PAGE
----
If you get your insurance from your employer, there’s a very good chance that you are in a “grandfathered plan,” and that means some of the provisions of the health law do not apply to you – yet.
The experience of her husband’s death transformed artist Regina Holliday into a patient advocate. Now, she’s galvanizing others with the common goal of improving health care to make it better, cheaper and safer.
Blue Shield of California chairman and CEO Bruce Bodaken discusses his views on the health law and the current state of the insurance industry.
Amid its grim projections for the economy overall, the Congressional Budget Office on Wednesday said that Medicare spending growth is slowing, although the program will take up a larger share of the economy in a decade than it does now. In an update to its January report on the nation’s budget and economic outlook, CBO […]
At Group Health, a nonprofit health system in Washington state, doctors and researchers are collaborating to make sure the latest health care innovations don’t just sit on the shelf. They’ve adopted a strategy known as a “learning health system,” which creates a feedback loop of sorts between the system’s medical and research sides, including the […]
A market-based effort to control health care spending would provide Medicare beneficiaries with fixed subsidies, rather than the current system’s open-ended ones, a trio of conservative health economists said Wednesday. The economists said in an online paper for the New England Journal of Medicine that while the 2010 federal health law aims to slow health […]
Mitt Romney caused quite a stir earlier this week when he applauded Israel for spending far less on health care than the United States but neglected to mention that the Israeli system depends on the kind of government regulation he has decried at home. Romney on Monday highlighted the fact that Israel spends 8 percent […]
Updated at 4:45 p.m. on June 13. States continue to struggle with Medicaid costs, a factor that looms over their tepid economic recovery, according to a report released Tuesday. The economic outlook for the states is starting to brighten, but growth is slow and budgets still are tight, said the National Governors Association and the […]
A public health insurance program that primarily serves illegal immigrants in the District of Columbia avoided the chopping block Tuesday under a budget compromise approved by the D.C. Council. Mayor Vincent C. Gray (D) earlier this spring recommended cutting hospital-based care from the HealthCare Alliance program to save more than $20 million in the District’s […]
Some states likely will begin testing new ways to care for people who qualify for both Medicare and Medicaid early next year—a timeline that has some advocates urging officials to slow down. Finding high-quality, cost-effective ways to care for the 9 million people known as “dual eligibles” is among the brass rings of health policy. […]
Few doctors think of themselves as rich, and only about half think they’re fairly compensated, according to survey results released this week by Medscape. The annual survey isn’t scientific — and perhaps, not surprising, either — but it offers insights into what nearly 25,000 physicians earn, and how they view that number. In 2011, compensation self-reported by surveyed physicians ranged […]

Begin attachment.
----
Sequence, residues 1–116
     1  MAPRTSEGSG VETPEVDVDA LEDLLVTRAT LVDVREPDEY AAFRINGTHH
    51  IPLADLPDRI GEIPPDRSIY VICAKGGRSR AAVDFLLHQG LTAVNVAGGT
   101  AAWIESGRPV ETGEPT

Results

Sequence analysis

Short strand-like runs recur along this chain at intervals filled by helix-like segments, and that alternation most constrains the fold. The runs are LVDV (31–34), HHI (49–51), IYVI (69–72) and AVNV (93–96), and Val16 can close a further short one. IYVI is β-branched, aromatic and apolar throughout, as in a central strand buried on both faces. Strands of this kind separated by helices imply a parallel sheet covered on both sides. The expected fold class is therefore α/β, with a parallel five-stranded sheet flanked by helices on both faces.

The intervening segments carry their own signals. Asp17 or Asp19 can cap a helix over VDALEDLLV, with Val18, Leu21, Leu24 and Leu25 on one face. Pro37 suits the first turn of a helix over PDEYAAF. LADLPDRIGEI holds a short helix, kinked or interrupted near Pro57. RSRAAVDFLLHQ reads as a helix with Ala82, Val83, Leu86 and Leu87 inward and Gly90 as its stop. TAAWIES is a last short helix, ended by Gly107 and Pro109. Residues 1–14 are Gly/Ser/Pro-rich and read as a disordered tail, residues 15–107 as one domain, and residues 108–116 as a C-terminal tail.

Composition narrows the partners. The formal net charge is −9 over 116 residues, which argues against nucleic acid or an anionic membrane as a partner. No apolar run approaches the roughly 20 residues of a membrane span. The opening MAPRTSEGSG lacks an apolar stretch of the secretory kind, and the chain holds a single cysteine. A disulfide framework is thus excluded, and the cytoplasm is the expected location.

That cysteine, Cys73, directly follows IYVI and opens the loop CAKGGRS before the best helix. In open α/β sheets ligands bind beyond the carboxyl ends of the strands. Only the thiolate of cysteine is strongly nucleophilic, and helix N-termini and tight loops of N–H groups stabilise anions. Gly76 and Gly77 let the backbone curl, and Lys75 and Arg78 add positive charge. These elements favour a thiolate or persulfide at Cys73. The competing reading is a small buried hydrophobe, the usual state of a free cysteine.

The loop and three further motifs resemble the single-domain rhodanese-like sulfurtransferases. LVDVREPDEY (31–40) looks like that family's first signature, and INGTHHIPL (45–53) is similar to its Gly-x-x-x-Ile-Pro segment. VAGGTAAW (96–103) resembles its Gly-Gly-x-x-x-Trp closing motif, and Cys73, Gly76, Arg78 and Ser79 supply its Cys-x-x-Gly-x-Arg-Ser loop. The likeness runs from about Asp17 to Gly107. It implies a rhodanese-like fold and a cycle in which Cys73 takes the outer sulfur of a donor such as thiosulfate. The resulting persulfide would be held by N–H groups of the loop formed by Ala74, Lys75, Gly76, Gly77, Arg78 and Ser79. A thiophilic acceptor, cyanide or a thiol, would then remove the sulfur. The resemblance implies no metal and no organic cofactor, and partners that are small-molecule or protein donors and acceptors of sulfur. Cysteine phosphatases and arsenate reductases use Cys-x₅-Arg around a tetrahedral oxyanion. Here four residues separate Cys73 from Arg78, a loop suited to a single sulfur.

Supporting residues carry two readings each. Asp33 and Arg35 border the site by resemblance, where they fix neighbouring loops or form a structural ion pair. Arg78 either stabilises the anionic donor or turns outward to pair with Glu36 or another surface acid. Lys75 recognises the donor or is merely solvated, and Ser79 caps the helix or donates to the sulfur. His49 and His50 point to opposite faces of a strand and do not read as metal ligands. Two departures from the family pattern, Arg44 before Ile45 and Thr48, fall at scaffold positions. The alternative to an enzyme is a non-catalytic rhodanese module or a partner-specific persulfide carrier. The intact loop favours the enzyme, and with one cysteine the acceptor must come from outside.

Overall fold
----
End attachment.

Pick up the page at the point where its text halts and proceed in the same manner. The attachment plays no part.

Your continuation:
Higher U.S. spending for cancer care pays off in almost two years of additional life for American cancer patients on average compared to their European counterparts — a value that offsets the higher costs –according to a study in the April issue of the journal Health Affairs. While previous studies have suggested U.S. cancer patients […]
A group of states is testing whether Medicaid patients who seek emergency psychiatric care at private psychiatric hospitals are better off if the federal government picks up part of the costs. Right now, the federal government does not help states pay for inpatient psychiatric care for many Medicaid patients—a longstanding policy meant to discourage states from […]
Most Californians say it is important to plan for end-of-life care but far fewer have done so, a gap that means they may not spend their dying days the way they wish. According to a survey released Tuesday by the California HealthCare Foundation, 70 percent of Californians said they would prefer to die at home, […]
Certified nurse-midwives in Massachusetts no longer need to have a physician sign on the dotted line in order to work in the state. Under a new state law, nurse-midwives do not have to practice under a physician’s supervision. Instead, they will be required to practice within a health care system and have a clinical relationship […]
Imagine if finding out the cost of a particular treatment or procedure at a doctors’ office was as easy as locating the prices of entrees at a restaurant. The menu might read: school physicals – $40; office visit for a cold – $80; diabetes screening – $200. But to the dismay of some consumer advocates, this push for […]
By the time newborn Freya Humenny joined her twin brother Beckett this past weekend, the calendar already had turned from 2011 to 2012. That means the twins always will have their own birthdays—but will they share an insurance statement? The twin’s mother, Stephanie Peterson, gave birth to Beckett at 6:40 p.m. on Dec. 31, 2011, […]
Program supporters say the ban, which is part of the recently passed omnibus spending bill to fund the federal government until the end of the current fiscal year, will undermine public health.
A Minneapolis clinic gives its patients what they need to stay healthy: screenings, immunizations, prescriptions. And, in an uncommon twist, food.
At least six states are taking advantage of a change mandated by the 2010 health law to allow their low-income workers to enroll kids in the Children’s Health Insurance Programs.